Unless specifying force_load or force_dump implies that any unlisted fields shouldn't be loaded or dumped.

No, those options wouldn't solve the issue of whitelisting deserialized fields.

The option currently used to whitelist a set of fields on a schema is fields, but it only applies to serialization, not deserialization, which seems a bit asymmetrical considering there is nothing about the name "fields" that implies serialization exclusively.

a user of marshmallow had a large schema class, with many fields, but only wanted 1 of those fields to be deserializable

It looks like partial loading (the partial option for Schema.load()) might be an existing solution. The "partial" white list has to be supplied on each load(), which doesn't address the concern of "forgetting to put [it] in", but the set of fields could be assigned to a variable for reuse.

deserializable_fields = ('fieldname',)
...
data, errors = schema.load(partial=deserializable_fields)

If the white list really needs to be declared on a schema class or instance, maybe a separate schema class should be declared.

@lafrech

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lafrech commented Nov 10, 2016

@deckar01 Interesting comment. I feel the same about the load_only + dump_only case.

Looks like we're bearing the weight of history. Starting from scratch, we'd use better terms, like dont_load or skip_load or anything less ambiguous. But here we are.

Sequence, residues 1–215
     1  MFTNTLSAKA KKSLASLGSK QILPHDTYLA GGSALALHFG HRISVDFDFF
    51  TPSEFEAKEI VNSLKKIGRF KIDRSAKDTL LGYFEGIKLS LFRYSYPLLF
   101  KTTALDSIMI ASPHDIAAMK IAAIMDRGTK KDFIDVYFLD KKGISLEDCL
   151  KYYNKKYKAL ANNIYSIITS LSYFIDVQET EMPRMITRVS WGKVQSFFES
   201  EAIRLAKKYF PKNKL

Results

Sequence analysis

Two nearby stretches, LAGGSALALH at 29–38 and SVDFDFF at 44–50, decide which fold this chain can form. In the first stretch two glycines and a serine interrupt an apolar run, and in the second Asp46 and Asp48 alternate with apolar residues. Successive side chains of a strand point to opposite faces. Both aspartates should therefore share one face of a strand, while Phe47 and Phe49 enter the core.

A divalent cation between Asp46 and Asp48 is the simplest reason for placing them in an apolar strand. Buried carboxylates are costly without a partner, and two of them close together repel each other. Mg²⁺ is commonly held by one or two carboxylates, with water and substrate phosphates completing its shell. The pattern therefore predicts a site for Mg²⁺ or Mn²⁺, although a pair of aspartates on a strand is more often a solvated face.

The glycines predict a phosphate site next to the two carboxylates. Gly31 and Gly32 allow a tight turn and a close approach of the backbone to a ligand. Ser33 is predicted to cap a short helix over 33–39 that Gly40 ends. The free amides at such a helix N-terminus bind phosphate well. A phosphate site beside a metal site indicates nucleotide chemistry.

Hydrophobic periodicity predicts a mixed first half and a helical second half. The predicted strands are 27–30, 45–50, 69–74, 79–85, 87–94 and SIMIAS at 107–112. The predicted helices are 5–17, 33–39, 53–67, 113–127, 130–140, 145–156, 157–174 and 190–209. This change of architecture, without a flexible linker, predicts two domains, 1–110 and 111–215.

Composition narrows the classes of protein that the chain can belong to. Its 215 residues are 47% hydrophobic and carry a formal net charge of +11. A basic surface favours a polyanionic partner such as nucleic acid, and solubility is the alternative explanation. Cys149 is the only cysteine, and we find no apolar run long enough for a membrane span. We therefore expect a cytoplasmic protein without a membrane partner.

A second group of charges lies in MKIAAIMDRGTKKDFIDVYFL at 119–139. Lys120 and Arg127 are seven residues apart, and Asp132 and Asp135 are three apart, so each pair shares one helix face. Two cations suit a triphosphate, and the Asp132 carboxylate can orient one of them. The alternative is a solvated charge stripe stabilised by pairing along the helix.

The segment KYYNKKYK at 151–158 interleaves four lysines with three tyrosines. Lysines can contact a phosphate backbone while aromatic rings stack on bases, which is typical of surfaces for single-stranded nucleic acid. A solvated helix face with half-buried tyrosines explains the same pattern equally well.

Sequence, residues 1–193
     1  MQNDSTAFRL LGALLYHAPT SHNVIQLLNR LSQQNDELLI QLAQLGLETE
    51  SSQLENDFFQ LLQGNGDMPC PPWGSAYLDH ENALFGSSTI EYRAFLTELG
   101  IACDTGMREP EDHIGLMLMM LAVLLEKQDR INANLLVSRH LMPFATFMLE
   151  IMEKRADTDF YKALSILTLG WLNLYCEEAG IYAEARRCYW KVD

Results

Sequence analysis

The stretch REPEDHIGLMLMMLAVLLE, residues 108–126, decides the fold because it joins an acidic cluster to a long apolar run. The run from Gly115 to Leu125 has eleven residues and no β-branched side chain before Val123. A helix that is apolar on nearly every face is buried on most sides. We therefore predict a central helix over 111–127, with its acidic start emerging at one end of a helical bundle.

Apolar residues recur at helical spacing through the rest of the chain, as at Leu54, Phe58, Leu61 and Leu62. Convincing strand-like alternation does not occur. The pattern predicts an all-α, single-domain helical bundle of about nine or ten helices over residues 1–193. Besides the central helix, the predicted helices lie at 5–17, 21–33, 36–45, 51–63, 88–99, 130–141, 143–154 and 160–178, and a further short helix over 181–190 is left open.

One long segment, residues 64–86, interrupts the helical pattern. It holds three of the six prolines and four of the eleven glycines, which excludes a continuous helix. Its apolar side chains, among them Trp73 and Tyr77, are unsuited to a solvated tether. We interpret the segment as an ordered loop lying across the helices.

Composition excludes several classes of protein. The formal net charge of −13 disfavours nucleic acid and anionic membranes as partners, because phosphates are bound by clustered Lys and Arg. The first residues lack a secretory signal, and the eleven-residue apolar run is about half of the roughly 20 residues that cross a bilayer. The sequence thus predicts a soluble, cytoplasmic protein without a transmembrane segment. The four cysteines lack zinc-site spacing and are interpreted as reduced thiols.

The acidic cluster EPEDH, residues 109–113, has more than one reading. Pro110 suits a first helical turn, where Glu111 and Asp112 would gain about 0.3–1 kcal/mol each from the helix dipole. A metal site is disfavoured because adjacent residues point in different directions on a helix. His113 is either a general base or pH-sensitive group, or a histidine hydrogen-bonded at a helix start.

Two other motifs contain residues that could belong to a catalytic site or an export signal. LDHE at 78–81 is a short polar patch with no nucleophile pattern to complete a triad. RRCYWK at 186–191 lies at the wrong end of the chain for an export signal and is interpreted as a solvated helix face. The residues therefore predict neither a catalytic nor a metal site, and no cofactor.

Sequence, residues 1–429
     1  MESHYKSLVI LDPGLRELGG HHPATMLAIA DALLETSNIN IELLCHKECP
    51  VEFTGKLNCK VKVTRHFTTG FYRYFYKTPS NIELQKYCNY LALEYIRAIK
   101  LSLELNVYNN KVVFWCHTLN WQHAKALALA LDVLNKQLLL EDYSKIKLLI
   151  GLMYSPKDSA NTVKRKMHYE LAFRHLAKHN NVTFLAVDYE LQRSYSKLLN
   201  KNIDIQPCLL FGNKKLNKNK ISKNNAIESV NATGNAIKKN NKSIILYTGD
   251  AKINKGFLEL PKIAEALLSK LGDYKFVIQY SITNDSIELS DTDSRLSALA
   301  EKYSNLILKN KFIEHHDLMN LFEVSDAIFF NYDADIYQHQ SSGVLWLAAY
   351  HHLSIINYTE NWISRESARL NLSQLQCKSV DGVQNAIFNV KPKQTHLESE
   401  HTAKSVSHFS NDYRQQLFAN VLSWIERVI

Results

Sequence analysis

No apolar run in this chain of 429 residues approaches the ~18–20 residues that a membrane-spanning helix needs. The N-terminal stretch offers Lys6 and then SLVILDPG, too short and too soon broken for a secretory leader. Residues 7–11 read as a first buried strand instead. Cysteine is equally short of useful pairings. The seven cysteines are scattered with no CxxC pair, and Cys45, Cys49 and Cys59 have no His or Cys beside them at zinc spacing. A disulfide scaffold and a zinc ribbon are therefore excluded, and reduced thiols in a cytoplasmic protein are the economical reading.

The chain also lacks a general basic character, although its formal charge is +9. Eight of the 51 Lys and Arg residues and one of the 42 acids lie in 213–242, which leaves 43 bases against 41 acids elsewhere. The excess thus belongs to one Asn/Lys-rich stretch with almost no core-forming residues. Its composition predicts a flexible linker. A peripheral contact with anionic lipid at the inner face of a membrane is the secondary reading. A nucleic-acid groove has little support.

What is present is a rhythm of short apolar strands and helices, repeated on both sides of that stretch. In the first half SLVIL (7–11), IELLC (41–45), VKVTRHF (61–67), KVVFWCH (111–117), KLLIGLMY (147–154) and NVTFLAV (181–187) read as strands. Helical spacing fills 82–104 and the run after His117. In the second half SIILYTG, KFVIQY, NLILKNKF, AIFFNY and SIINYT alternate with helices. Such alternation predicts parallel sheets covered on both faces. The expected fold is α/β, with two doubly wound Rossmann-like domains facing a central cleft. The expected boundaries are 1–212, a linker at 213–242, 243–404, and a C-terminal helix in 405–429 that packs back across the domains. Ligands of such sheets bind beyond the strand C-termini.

These are features so common that there must be a lot of those in the codes using Marshmallow, and the benefit for changing this is minimal. You get struck by this once, then you learn and you move on.

Yet, is there any reason (apart from the time it takes to do it...) not to propose new keywords, and slowly deprecate the old ones?

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lafrech commented Feb 19, 2017

@deckar01 wrote:

A clearer terminology might be "force" and "skip" which have clear connotations and no implicit behaviors.

@sloria, do you think Marshmallow 3.0 could introduce skip_load/skip_dump and deprecate load_only/dump_only?

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maximkulkin commented Feb 19, 2017

What does "force" actually mean? If the field is not marked with "required", will "force" flag force to be required?

I don't get why people are so concerned about naming and claim that it is used a lot. It should not. Most common - "password" is load_only, "id" - dump_only. If you have use cases that require you defining complex dependencies and load/dump schemas, you should really consider splitting them into a separate schemas (maybe with reusing common parts through base schema). That's it.

PS I think load_only / dump_only semantics are OK.

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lafrech commented Feb 19, 2017

Just to clarify, there are two points at stake here:

  • the whitelist feature, which is what the OP is about,
  • the naming of load_only/dump_only (side note in the OP)

Regarding the second point, there are two potentially surprising things about those names:

As @nickw444 said in OP

Also to note, the naming of load_only feels like a misnomer without reading the docs in detail - If you specify a field in load_only, it will only be available for loading, not dumping - but taking another perspective to this could imply that it's an iterable of fields that are whitelisted to be loaded, but can still be dumped.